This is what the computation would look like concretely (with $x_i$ the evenly spaced values of $x$):

\begin{eqnarray} &&\int_0^\infty f(x)\,\mathrm dx=\int_0^{\pi/2}\frac{f(\tan u)}{\cos^2 u}\,\mathrm du\\ &&\simeq\frac12\left(\arctan x_1f(0)+(\pi/2-\arctan x_{100})\lim_{u\to\infty}\frac{f(\tan u)}{\cos^2 u}+\sum_{i=1}^{100}\frac{\left(\arctan x_{i+1}-\arctan x_{i-1}\right)f\left(x_i\right)}{\cos^2\arctan x_i}\right)\\ &=&\frac12\left(\arctan x_1f(0)+(\pi/2-\arctan x_{100})\lim_{u\to\infty}\frac{f(\tan u)}{\cos^2 u}+\sum_{i=1}^{100}\left(\arctan x_{i+1}-\arctan x_{i-1}\right)f\left(x_i\right)\left(1+x_i^2\right)\right)\;. \end{eqnarray}

This requires you to know the limit of $f(\tan u)\,/\cos^2 u$. If you can't determine that, the next best thing is to use a rectangle instead of a trapezoid at that end, but that would make the error closer to the one incurred by Steven's method, so in that case you might be better off using that method directly. The best way to tell is to try it out and see how rapidly the results converge in each case when you increase the number of points.

• So, do I have to change what values of x I use? Commented Jul 9, 2015 at 23:59
• @TanMath: You didn't say that you're using any particular values of $x$ currently, so how can I tell whether you need to change them? Commented Jul 10, 2015 at 0:00
• To confirm, I take thr integral of f(t) for some arbitrsry t and t=tan u? So when I put in my samples, my values of u should be arctan(x)? Commented Jul 10, 2015 at 0:12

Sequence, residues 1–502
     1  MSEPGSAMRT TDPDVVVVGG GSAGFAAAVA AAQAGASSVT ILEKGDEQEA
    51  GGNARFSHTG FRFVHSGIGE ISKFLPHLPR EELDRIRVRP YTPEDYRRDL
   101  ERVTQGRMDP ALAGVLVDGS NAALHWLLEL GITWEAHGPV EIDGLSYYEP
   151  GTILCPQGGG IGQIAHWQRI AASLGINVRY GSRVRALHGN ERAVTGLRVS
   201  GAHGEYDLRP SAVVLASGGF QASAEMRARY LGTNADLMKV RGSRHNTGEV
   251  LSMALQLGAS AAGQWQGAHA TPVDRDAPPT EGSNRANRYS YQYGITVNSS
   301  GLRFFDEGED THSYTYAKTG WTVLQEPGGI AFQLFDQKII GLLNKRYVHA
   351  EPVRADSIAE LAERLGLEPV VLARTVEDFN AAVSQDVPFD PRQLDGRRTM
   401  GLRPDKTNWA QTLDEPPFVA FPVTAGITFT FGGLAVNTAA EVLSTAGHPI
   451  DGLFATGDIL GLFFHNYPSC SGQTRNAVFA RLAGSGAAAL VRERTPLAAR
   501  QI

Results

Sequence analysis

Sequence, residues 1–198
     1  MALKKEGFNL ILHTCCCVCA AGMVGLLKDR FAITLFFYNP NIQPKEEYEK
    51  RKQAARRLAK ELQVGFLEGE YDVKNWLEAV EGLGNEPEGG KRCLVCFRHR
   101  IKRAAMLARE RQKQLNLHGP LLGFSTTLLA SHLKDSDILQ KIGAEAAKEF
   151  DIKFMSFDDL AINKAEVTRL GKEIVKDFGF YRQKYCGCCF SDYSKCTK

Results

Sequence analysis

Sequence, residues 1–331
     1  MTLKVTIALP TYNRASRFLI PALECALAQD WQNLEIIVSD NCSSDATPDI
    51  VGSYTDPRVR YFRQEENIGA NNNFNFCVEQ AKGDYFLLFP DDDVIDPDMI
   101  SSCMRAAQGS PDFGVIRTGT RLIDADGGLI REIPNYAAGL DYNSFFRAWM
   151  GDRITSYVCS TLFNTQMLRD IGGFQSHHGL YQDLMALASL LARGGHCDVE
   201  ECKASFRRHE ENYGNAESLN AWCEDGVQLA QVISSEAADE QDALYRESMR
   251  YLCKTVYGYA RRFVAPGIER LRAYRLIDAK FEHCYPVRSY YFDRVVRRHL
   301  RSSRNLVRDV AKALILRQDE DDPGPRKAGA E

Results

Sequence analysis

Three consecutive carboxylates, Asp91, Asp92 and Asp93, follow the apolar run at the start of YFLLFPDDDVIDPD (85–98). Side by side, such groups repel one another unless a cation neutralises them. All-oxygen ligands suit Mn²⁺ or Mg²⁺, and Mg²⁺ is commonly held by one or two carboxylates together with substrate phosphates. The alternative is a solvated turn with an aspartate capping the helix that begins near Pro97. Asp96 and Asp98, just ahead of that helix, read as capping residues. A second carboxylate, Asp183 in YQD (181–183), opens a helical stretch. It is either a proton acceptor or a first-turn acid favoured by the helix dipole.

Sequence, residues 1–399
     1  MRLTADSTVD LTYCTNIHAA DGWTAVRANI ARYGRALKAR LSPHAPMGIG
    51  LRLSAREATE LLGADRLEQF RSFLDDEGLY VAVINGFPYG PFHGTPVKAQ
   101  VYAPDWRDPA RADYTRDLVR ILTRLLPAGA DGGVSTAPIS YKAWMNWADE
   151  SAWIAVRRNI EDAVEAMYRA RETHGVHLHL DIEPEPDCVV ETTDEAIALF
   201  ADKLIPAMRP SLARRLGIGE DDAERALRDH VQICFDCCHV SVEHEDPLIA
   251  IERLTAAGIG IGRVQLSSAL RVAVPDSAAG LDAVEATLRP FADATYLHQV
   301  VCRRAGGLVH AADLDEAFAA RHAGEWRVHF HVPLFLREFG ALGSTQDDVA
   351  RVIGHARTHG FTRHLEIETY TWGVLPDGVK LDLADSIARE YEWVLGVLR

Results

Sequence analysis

• Am I supposed to set u=artan(x) ? and y=f(tan u)/cos^2 u = f(x)? Commented Jul 10, 2015 at 0:20
• @TanMath: I understand neither of those comments. Perhaps I misunderstood your problem; I'm afraid I'm unable to put your comments in relation to your problem. Instead of trying to guess what you mean, let me express in my own words what to do: The right-hand side is a proper integral without infinite limits. It integrates over a function of $u$, namely $f(\tan u)/\cos^2u$, which you should be able to evaluate if I understood your response to my comment under the question correctly, since you can evaluate $f$ at arbitary $x$. So now all that's left to do is to apply e.g. Gaussian quadrature. Commented Jul 10, 2015 at 0:24

You are going to have to assume that your last point, $b$, is such that $\int_{b}^{\infty}f(x)\,dx$ is neglegible. If that is really true, then a Reimann sum approximation of $\int_a^b f(x)\,dx$ will do fine. Since you seem to have little control over the value of $\Delta x$, I wouldn't bother getting more creative than that.

You should at least plot your data to check that the transient assumption is valid. If it's not, then you need to figure out some strategy to make up for the missing area.

Computing $\int_a^b f(x)\,dx$ depends a lot on how much you know about $f(x)$. You seem to be able to calculate $f(x)$ but, if don't want to interpolate, you may as well treat it as raw data.

The book Numerical Recipes In C can be found online here and probably many other places. Don't let the C part bother you. It is very readable and a good source of ideas and methods.

I have two copies of Numerical Methods That Work by Forman S. Acton. The book is badly bound and tends to fall apart. It is very practical but a bit more work to read. It has made me look smarter than I am many times.

• Does these books contain info on evaluating improper integrals? Commented Jul 10, 2015 at 0:26
• @TanMath Yes they do. What makes your problem hard to answer is the lack of details. The best thing to do depends a lot on what you are doing it to. Commented Jul 10, 2015 at 1:05